Hundreds of volunteers are trying to save the wooden churches in northern Russia
The European Russian North is home to some of the country’s most striking examples of wooden architecture, many of which date back to at least 200 years and feature belfries, log fences and turrets. Unfortunately, most of the estimated 7,500 wooden monuments in the area — which include chapels, churches and larges temples — are abandoned or in a decrepit state. Every year, and despite being under formal state protection, dozens of them are all but destroyed due to neglect, rain or fire.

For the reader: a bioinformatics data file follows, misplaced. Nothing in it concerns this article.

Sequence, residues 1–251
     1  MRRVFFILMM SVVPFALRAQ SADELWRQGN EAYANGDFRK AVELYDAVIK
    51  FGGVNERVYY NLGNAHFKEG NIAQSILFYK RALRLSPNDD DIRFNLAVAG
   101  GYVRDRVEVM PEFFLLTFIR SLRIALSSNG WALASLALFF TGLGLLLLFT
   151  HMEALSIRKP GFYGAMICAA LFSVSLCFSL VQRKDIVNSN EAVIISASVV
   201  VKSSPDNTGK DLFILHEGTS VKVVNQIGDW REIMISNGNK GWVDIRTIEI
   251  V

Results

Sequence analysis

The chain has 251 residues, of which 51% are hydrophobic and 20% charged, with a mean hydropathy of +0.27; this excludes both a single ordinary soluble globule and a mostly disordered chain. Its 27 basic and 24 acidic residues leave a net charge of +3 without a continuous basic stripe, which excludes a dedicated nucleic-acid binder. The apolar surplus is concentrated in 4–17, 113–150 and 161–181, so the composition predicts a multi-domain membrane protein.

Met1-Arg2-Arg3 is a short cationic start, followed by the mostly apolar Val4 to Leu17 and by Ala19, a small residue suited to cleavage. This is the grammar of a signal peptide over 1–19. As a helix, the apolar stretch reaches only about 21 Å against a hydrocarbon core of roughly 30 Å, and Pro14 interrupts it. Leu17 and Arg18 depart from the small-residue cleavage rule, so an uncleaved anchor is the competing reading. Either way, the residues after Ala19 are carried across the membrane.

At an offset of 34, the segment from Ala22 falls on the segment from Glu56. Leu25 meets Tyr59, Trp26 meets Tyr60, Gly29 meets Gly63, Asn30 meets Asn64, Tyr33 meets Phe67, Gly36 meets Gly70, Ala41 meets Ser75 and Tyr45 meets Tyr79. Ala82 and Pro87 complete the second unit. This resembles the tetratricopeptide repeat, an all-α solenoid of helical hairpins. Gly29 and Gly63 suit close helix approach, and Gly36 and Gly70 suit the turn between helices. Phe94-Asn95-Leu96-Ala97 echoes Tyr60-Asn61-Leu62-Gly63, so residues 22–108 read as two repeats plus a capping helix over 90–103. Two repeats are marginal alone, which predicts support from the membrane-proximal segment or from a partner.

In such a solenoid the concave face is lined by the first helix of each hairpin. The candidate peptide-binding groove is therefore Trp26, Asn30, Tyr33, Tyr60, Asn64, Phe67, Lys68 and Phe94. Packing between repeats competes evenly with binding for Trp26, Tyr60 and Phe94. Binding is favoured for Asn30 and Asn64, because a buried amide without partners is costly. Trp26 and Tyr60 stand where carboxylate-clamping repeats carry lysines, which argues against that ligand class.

Hundreds of volunteers are trying to save these churches. But because volunteers cannot restore cultural heritage sites, Saprykin and his comrades can only carry out emergency work, hoping that the stopgap measures will last as long as it takes for the state to intervene.